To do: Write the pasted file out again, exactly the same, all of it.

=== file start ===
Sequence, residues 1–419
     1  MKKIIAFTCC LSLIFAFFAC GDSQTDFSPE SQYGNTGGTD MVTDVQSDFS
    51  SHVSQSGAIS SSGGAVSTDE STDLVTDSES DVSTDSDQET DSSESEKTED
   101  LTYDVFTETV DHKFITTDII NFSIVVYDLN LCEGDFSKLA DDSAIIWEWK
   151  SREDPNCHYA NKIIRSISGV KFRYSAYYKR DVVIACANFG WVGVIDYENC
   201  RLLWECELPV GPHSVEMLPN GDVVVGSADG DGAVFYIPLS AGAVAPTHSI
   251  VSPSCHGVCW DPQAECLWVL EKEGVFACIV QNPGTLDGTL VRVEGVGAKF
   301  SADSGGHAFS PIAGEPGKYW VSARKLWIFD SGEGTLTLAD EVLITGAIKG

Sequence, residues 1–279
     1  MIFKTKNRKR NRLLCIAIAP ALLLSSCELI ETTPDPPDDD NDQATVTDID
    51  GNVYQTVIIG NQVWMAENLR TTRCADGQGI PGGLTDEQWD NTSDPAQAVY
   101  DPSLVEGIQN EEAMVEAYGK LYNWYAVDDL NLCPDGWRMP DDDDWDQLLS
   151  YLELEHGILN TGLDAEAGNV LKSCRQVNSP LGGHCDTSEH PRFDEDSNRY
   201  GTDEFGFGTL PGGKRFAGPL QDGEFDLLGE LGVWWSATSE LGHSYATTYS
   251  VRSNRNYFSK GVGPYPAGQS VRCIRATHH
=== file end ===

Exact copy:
Sequence, residues 1–419
     1  MKKIIAFTCC LSLIFAFFAC GDSQTDFSPE SQYGNTGGTD MVTDVQSDFS
    51  SHVSQSGAIS SSGGAVSTDE STDLVTDSES DVSTDSDQET DSSESEKTED
   101  LTYDVFTETV DHKFITTDII NFSIVVYDLN LCEGDFSKLA DDSAIIWEWK
   151  SREDPNCHYA NKIIRSISGV KFRYSAYYKR DVVIACANFG WVGVIDYENC
   201  RLLWECELPV GPHSVEMLPN GDVVVGSADG DGAVFYIPLS AGAVAPTHSI
   251  VSPSCHGVCW DPQAECLWVL EKEGVFACIV QNPGTLDGTL VRVEGVGAKF
   301  SADSGGHAFS PIAGEPGKYW VSARKLWIFD SGEGTLTLAD EVLITGAIKG

Sequence, residues 1–279
     1  MIFKTKNRKR NRLLCIAIAP ALLLSSCELI ETTPDPPDDD NDQATVTDID
    51  GNVYQTVIIG NQVWMAENLR TTRCADGQGI PGGLTDEQWD NTSDPAQAVY
   101  DPSLVEGIQN EEAMVEAYGK LYNWYAVDDL NLCPDGWRMP DDDDWDQLLS
   151  YLELEHGILN TGLDAEAGNV LKSCRQVNSP LGGHCDTSEH PRFDEDSNRY
   201  GTDEFGFGTL PGGKRFAGPL QDGEFDLLGE LGVWWSATSE LGHSYATTYS
   251  VRSNRNYFSK GVGPYPAGQS VRCIRATHH